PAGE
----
Sampling of garments is given great emphasis. It determines the approval of future orders from buyers and fetches business for a garment manufacturing or export company. Sampling is one of key elements of the pre-production processes in a garment industry. Before a manufacturer produces bulk orders, a prior sampling of styles is done to get approvals and jumpstart the fabrication of garments.

Sampling is not just for buyers, but the manufacturers can also derive estimates of yarn consumption for development of fabric, dyeing, printing, and stitching cost for a particular style or pattern given by the buyer. Companies can have a separate sampling department or a merchandiser, who works closely with the sampling section to source raw materials, and processes for developing a quality product for an affordable price.

Sampling includes details like a product/style code or a reference number, color specifications, kind of fabric, composition, description, quantity, and details of embroidery, buttons, zippers, or any other sort of accessories used. Hence it can be said that samples of garments work as a bridge between buyers and the producers.

There are many people who are involved directly and indirectly in the process of sampling. Designers, buyers, individuals engaged in sourcing and purchasing, production team, quality control personnel, and the costing department at different levels work closely on the sampling of garments.

There are various types of samples that are developed by manufacturers depending on the requirement of their respective buyers. The following is a list of different kinds of samples used in the garment export industry:

Promotional samples or salesmen samples are developed to procure orders from retailers. These are good quality samples, which use actual accessories and fabrics. The buyer has to pay for these kinds of samples.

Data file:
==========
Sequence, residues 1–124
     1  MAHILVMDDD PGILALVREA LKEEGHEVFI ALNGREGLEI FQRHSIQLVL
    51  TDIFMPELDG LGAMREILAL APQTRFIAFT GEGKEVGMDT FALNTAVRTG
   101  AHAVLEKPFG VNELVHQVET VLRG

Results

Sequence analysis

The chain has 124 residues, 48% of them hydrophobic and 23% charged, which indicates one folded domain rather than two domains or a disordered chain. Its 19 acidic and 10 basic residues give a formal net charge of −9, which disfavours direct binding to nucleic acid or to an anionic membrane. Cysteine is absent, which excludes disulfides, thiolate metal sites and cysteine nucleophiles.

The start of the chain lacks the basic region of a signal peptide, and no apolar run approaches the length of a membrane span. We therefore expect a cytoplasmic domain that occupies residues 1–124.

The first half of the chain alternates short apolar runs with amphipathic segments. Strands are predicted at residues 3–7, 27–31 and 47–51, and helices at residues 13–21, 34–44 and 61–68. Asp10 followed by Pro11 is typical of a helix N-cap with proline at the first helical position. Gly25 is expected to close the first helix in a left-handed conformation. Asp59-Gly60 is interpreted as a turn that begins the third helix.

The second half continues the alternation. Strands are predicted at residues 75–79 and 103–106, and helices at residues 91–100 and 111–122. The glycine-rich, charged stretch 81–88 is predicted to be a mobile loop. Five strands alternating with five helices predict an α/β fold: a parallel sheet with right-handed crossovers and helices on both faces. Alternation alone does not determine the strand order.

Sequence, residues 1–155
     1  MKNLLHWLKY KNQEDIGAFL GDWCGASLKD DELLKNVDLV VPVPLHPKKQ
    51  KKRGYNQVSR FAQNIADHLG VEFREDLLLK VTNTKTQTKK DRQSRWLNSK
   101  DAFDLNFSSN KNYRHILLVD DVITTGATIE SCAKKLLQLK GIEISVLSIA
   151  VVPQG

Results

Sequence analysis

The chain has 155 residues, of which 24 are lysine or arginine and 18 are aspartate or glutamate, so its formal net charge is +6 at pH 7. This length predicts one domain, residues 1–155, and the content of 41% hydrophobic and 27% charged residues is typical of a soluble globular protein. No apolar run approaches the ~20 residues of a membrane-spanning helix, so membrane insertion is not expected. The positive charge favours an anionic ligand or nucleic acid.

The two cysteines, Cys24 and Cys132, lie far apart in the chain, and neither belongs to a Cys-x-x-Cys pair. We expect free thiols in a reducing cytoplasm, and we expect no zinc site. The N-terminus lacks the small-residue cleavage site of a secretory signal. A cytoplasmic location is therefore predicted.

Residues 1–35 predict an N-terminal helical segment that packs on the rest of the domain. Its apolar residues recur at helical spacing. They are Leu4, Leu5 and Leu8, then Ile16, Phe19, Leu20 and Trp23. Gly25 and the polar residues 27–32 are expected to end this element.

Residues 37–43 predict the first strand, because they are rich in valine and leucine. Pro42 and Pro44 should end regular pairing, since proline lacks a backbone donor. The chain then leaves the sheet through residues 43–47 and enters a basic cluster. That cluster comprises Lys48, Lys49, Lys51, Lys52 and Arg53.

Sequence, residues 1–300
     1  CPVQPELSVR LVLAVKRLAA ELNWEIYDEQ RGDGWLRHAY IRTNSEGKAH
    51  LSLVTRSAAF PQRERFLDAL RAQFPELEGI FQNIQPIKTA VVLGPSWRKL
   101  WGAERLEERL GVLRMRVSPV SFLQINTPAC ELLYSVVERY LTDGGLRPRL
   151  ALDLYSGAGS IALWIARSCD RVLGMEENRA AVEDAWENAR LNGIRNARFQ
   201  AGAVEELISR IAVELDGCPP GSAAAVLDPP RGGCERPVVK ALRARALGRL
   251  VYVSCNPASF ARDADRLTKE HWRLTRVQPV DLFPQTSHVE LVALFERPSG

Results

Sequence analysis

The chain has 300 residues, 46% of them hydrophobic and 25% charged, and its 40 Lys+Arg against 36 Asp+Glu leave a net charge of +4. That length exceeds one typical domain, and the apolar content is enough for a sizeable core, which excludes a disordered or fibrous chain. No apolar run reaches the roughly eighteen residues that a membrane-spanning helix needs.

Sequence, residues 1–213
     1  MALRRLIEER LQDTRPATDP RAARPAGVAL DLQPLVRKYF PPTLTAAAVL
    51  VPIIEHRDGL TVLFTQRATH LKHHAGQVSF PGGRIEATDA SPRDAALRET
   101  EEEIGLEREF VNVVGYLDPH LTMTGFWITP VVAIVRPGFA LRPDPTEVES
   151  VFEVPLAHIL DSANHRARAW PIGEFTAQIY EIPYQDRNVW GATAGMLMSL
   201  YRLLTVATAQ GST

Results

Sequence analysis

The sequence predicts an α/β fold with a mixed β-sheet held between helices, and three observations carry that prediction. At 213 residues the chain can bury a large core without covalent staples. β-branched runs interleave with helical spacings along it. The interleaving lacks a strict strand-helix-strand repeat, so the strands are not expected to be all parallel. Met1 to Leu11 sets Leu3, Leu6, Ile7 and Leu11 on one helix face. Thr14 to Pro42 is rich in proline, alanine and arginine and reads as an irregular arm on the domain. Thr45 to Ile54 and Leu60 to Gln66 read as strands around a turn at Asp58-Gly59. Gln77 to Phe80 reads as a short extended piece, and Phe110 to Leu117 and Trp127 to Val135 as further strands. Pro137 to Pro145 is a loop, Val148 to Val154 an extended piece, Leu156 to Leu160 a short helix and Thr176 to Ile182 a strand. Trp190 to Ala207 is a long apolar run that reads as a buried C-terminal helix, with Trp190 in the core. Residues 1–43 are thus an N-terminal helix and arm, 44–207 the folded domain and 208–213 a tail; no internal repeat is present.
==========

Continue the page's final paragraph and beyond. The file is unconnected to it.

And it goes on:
Proto samples are made after receiving the order sheets, and are the very initial sets of samples sent to the buyer. The design and style of a garment are communicated; the fit and fabric detailing are not given so much attention. Once the proto samples are approved, fit samples are developed.

Fit samples are designed to check the measurements, fit, and the style. Details of construction of the garment and standards needed to be maintained by the manufacturer are maintained in these samples. Certain times these samples are tried on models to check the fitting and the fall of the garment.

Size samples are sent to the buyers once the fitting is approved in small, medium, large and other sizes as per the requirement. Mass cutting of fabrics begins only once a final approval of all the sizes is received.

Pre-production samples are the samples, which are made in the production department once all the above sampling approvals are received. They are made with the actual fabrics, trimmings, and accessories that will be used in the future placed order. After a full and final approval is received from the buyer, the actual production can proceed.

Top of production samples are the samples that are picked up in between, once the manufacturing process has begun. All buyers do not demand for top of production samples, but some do, to make sure that the garments being manufactured are as per the decided specifications.

Shipment samples are sent to the buyer when the completed garments are packed and are ready to be shipped. These samples are sent in cases when the garments are directly delivered at stores or warehouses of the buyers, to view the final product and its packaging.

Sampling plays a vital role in getting orders from the buyer. It is a representation of the manufacturer's or exporter's potential to deliver desired outputs based on the details and information specified by the buyer. Besides this, sampling also gives an idea regarding the time and cost that the manufacturer of the garments will require completing the whole order, and delivering the products in time.


A sample of a garment can either make or break the future of getting orders from buyers. A good quality sample can invite more business and buyers to manufacture garments. It also gives the manufacturer the opportunity to look for options to source fabrics, trims, and other garment accessories necessary for the design at a cheaper price but of better quality, which further helps in costing. It helps in optimizing the process parameter for mass producing and also can aid in eliminating bottlenecks.

On the other hand, buyers can keep a check on the production of garments, the designs, and styles that are required, which are generally outsourced to manufacturers situated at a far distance. Holding a physical sample of a garment helps the buyer check the look, feel, fall, colors and shades, fitting, and the pattern of a certain style.

It can therefore be concluded that sampling in garment exports is of utmost significance not just to the manufacturer but also to the buyer.